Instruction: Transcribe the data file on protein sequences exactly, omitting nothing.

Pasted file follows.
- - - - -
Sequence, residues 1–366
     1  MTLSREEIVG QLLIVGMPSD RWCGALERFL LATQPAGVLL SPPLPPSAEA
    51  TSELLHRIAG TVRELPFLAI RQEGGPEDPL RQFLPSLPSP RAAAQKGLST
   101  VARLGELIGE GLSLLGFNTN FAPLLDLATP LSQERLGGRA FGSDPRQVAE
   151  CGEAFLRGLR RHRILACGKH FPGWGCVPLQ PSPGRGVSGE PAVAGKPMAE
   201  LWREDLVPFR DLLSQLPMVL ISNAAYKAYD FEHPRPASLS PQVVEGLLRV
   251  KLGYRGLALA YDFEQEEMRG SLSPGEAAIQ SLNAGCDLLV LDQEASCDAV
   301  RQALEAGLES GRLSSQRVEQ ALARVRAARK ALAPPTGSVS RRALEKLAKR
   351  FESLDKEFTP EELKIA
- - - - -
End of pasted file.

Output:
Sequence, residues 1–366
     1  MTLSREEIVG QLLIVGMPSD RWCGALERFL LATQPAGVLL SPPLPPSAEA
    51  TSELLHRIAG TVRELPFLAI RQEGGPEDPL RQFLPSLPSP RAAAQKGLST
   101  VARLGELIGE GLSLLGFNTN FAPLLDLATP LSQERLGGRA FGSDPRQVAE
   151  CGEAFLRGLR RHRILACGKH FPGWGCVPLQ PSPGRGVSGE PAVAGKPMAE
   201  LWREDLVPFR DLLSQLPMVL ISNAAYKAYD FEHPRPASLS PQVVEGLLRV
   251  KLGYRGLALA YDFEQEEMRG SLSPGEAAIQ SLNAGCDLLV LDQEASCDAV
   301  RQALEAGLES GRLSSQRVEQ ALARVRAARK ALAPPTGSVS RRALEKLAKR
   351  FESLDKEFTP EELKIA